Proposed stem cell law draws criticism

January 21, 2008

Scientists are warning a new stem cell law in Britain will hamper research aimed at treatments for diseases like Alzheimer's and diabetes.

A group of 29 scientists, including three Nobel laureates, sent a letter to the government protesting a donor consent requirement for the use of cloned embryonic stem cells, The Daily Telegraph reported Monday.

The scientists say the requirement set out by the Human Fertilization and Embryology Bill moving through Parliament would deny them access to tissue banks. The banks serve as libraries of genes that trigger the serious diseases scientists want to study.

Much of the tissue currently stored in the banks was collected before it became possible to clone embryos so the patients would not have been able to give their consent.

"For scientists to clone human embryos without the consent of the cell donors, which contains the genetic materials, would be completely unethical," says Dr. Calum MacKellar of the Scottish Council on Human Bioethics.

Copyright 2008 by United Press International

Explore further: The tragedy of the over-surveyed commons

Related Stories

The tragedy of the over-surveyed commons

June 3, 2015

By any metric, Garrett Hardin's The Tragedy of the Commons article in Science, a copy of his address as 1968 president of the American Association for the Advancement of Science, rates among the most important in the history ...

Comprehensive analysis of children's rights in 190 countries

November 20, 2014

Twenty-five years ago this month, the countries that compose the United Nations reached a landmark agreement that laid the foundation for much-needed strengthening of children's rights and protections in nearly every country ...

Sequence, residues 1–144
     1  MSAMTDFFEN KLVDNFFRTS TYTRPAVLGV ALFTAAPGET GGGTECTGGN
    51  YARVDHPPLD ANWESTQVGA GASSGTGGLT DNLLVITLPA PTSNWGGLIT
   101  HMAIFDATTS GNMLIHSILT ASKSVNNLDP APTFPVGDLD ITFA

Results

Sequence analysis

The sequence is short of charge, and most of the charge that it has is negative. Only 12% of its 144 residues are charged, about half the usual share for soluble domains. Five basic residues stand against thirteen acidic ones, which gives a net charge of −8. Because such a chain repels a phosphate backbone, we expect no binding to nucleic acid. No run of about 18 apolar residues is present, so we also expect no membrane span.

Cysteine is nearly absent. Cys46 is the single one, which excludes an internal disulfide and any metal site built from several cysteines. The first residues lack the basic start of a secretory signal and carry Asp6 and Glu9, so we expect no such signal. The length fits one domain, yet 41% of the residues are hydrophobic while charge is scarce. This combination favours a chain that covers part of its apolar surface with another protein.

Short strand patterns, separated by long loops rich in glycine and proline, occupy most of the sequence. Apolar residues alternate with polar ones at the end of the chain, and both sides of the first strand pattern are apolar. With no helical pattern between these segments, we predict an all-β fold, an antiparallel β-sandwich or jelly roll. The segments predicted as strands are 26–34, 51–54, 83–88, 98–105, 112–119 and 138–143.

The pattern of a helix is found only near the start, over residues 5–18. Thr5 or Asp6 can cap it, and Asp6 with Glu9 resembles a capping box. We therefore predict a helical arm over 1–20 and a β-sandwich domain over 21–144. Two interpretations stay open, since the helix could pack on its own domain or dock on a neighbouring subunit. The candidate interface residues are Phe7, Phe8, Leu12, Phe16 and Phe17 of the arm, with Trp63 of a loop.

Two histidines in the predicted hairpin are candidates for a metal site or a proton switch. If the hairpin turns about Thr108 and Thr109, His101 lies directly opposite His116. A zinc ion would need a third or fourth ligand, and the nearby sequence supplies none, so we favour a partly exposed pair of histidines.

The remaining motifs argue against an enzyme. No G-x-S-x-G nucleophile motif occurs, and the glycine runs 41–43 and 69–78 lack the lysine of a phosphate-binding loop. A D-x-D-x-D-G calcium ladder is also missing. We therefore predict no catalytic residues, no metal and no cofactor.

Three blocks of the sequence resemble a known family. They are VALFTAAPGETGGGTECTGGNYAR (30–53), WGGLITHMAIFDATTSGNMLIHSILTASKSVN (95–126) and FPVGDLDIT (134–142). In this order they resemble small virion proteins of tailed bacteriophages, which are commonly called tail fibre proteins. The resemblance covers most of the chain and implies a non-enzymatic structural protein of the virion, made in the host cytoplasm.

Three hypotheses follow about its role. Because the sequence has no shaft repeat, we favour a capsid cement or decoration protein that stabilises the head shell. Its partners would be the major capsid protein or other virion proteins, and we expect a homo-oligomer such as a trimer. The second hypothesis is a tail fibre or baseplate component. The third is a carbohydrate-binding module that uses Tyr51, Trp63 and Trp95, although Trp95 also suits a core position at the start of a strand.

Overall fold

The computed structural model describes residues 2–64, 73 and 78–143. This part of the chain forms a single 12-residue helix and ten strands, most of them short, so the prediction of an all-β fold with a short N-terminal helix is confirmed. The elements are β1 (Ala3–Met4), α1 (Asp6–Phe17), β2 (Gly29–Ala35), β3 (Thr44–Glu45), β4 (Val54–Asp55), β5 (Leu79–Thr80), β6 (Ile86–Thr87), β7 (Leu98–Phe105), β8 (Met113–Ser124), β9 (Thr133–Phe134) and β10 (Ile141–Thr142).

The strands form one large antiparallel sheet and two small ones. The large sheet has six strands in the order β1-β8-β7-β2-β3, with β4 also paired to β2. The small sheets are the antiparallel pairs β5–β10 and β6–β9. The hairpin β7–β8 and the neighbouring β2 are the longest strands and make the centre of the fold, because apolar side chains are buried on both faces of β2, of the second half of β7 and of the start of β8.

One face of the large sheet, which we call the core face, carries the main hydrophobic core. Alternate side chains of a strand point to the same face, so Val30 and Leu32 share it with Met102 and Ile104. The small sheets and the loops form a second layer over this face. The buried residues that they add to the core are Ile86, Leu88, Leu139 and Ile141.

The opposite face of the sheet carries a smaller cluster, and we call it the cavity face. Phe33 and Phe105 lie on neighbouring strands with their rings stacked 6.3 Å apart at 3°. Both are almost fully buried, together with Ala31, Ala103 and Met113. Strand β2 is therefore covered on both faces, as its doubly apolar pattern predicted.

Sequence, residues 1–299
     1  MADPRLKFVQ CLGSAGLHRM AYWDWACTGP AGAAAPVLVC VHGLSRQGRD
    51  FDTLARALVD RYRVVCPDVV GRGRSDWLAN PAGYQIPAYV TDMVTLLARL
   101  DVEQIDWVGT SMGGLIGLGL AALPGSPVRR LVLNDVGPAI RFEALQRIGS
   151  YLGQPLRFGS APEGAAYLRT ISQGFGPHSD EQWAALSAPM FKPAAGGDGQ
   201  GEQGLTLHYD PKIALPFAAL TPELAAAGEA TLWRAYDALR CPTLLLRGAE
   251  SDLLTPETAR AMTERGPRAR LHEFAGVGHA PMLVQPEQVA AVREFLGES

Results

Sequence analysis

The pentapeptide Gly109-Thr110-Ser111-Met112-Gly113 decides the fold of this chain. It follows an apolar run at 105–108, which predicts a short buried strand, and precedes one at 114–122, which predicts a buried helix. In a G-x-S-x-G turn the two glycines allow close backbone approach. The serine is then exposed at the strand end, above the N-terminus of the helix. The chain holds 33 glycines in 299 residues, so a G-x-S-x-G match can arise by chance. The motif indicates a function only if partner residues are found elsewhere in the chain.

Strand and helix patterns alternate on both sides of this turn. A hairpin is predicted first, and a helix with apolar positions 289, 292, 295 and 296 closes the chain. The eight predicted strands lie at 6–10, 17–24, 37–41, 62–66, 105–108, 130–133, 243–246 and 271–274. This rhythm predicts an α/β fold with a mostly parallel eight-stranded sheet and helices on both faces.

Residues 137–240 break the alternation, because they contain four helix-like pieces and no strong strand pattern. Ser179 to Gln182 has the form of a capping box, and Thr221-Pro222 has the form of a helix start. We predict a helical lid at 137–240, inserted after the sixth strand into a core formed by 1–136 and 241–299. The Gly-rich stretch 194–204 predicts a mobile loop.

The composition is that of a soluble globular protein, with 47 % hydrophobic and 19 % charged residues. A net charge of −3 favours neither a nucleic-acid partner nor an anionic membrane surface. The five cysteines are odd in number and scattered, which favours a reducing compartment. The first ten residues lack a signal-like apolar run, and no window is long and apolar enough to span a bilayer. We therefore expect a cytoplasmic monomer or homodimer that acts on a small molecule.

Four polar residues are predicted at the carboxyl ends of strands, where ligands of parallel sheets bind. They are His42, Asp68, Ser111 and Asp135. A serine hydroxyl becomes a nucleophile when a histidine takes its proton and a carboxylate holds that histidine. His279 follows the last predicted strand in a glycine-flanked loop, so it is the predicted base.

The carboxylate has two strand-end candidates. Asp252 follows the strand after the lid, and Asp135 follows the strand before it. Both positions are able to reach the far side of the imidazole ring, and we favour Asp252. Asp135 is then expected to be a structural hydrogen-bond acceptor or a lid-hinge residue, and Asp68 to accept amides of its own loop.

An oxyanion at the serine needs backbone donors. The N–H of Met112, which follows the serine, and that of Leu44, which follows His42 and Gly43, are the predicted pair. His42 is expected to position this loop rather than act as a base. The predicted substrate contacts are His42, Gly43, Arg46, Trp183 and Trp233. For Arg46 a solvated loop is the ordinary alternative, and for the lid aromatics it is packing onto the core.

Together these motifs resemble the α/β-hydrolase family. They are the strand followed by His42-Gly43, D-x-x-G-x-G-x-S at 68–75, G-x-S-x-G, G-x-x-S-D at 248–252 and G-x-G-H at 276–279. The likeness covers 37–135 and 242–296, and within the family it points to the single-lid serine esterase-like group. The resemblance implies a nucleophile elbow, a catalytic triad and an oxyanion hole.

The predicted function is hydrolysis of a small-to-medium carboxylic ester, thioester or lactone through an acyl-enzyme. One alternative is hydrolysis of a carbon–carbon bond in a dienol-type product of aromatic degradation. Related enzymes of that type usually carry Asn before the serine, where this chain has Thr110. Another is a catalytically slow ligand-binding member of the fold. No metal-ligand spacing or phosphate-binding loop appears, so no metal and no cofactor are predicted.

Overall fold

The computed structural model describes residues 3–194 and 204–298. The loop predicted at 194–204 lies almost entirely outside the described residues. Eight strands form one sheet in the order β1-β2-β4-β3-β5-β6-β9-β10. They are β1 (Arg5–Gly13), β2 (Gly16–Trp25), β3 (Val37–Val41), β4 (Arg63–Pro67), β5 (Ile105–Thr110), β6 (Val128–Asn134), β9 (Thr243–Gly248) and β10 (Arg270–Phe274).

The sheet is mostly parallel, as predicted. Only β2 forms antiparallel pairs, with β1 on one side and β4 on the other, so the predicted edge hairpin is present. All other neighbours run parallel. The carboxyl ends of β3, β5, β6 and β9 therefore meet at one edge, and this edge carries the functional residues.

Emerging ethical dilemmas in science and technology

December 10, 2013

As a new year approaches, the University of Notre Dame's John J. Reilly Center for Science, Technology and Values has released its annual list of emerging ethical dilemmas and policy issues in science and technology for 2014.

Community in the dark over nickel mine

October 8, 2013

A vulnerable Indonesian community has been let down by a failing legal system and international human rights mechanisms, according to a new report.

Recommended for you

ATLAS and CMS experiments shed light on Higgs properties

September 1, 2015

Three years after the announcement of the discovery of a new particle, the so-called Higgs boson, the ATLAS and CMS Collaborations present for the first time combined measurements of many of its properties, at the third annual ...

Fossil specimen reveals a new species of ancient river dolphin

September 1, 2015

The careful examination of fossil fragments from Panama has led Smithsonian scientists and colleagues to the discovery of a new genus and species of river dolphin that has been long extinct. The team named it Isthminia panamensis. ...

Tiny drops of early universe 'perfect' fluid

September 1, 2015

The Relativistic Heavy Ion Collider (RHIC), a particle collider for nuclear physics research at the U.S. Department of Energy's (DOE) Brookhaven National Laboratory, smashes large nuclei together at close to the speed of ...

Distant planet's interior chemistry may differ from our own

September 1, 2015

As astronomers continue finding new rocky planets around distant stars, high-pressure physicists are considering what the interiors of those planets might be like and how their chemistry could differ from that found on Earth. ...

0 comments

Please sign in to add a comment. Registration is free, and takes less than a minute. Read more

Click here to reset your password.
Sign in to get notified via email when new comments are made.